# Migeru's musings on go ratings

I have been giving some thought lately to a Go rating system based on Bayes' theorem. Both the AGA and KGS systems are based on maximum-likelyhood estimation. The ELO-like EGF system is point-based, with a probabilistically sophisticated formula for the rating update resulting from a given game result.

The EGF's system is built around the assumption that the weaker player will win an even game with probability p = 1 / [e^(D/a) + 1], where D is the difference of ratings between the two players. If ths seems obscure, I suggest writing (1-p)/p = e^(D/a). In other words, we are just taking the ratio of the probabilities of losing (1-p) and winning (p) and writing it as an exponential on the grounds that it is a strictly positive quantity. Also, if q = 1-p is the probability of the second player winning, (1-q)/q = e^(-D/a) shows this is a completely symmetric parametrization not favouring one player over another. The EGF uses a sliding scale for the value of 'a', which goes from a = 200 to a = 70 depending on the rating of the weaker player.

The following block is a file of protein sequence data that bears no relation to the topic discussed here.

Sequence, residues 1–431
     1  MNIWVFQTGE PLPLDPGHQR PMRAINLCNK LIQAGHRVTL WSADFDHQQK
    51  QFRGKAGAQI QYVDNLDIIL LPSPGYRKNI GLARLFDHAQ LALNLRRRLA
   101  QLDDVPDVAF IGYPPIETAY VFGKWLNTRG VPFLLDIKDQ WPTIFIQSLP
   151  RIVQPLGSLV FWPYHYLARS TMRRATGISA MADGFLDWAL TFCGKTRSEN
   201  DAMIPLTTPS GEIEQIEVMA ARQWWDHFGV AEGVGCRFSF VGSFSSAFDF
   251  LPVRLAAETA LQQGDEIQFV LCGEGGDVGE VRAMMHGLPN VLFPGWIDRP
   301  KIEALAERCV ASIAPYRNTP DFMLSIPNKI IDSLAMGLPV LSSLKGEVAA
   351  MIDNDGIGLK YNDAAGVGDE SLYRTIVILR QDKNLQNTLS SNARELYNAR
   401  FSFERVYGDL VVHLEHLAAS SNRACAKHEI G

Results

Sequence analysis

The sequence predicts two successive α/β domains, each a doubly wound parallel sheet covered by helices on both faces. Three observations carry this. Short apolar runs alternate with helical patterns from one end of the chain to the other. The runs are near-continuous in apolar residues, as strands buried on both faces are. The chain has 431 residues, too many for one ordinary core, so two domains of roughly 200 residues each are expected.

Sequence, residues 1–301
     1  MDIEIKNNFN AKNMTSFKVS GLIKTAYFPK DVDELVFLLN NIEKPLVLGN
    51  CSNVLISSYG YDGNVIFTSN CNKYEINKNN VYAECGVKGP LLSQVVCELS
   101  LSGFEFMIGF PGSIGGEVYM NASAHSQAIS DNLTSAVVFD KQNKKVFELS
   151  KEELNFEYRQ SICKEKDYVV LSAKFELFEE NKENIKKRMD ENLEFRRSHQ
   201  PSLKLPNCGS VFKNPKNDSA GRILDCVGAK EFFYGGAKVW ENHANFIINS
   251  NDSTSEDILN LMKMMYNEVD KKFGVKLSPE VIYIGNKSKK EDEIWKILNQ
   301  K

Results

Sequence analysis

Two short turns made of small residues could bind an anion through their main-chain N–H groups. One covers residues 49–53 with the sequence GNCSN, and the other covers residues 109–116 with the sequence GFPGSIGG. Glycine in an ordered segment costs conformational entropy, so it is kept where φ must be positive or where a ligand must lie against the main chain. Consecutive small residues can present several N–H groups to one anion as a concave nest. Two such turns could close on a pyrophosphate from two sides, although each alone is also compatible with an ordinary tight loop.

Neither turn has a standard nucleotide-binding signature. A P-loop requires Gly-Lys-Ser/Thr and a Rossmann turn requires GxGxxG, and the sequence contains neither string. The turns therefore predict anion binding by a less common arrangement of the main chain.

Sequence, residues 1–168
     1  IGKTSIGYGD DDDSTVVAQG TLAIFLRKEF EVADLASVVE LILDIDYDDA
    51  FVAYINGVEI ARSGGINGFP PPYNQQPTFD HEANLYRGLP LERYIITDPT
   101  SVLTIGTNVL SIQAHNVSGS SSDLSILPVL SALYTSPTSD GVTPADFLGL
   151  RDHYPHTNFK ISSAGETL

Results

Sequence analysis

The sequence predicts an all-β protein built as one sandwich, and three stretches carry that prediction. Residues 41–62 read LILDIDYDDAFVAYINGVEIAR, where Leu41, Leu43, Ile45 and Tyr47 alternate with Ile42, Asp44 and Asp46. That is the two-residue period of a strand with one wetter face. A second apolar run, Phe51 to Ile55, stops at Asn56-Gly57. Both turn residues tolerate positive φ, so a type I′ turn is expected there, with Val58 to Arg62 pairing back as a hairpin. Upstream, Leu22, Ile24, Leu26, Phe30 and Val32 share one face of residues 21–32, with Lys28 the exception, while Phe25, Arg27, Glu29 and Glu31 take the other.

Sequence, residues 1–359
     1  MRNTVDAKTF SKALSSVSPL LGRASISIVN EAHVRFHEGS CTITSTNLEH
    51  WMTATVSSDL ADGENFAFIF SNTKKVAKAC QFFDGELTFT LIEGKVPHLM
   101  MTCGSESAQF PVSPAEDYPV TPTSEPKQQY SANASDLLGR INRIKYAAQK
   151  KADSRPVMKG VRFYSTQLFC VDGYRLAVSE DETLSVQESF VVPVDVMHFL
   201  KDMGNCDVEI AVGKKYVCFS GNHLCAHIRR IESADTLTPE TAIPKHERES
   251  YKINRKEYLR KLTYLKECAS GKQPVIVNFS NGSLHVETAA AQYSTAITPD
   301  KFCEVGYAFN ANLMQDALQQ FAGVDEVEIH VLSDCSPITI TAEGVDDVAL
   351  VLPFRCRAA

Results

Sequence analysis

The EGF rating system has been tuned with a large database of tournament games, and so I will take it as a given that

(1-p)/p = e^(20 D1/(20 + D0))

where p is the probability of the weaker player winning, D1 is the difference in ranks between the twoplayers, and D0 is the number of ranks between the weaker player and shodan. D1 (but apparently not D0) should be reduced appropriately by the handicap given to the weaker player.

I don't think it is particularly sensible to subdivide ranks into 100 parts like most rating systems do, especially if a margin of error is not given. For example, right now my EGF rating could be described as '1/20 of a rank weaker than an average 10k', which IMHO is much more precise than the fuzziness of the concepts involved allows.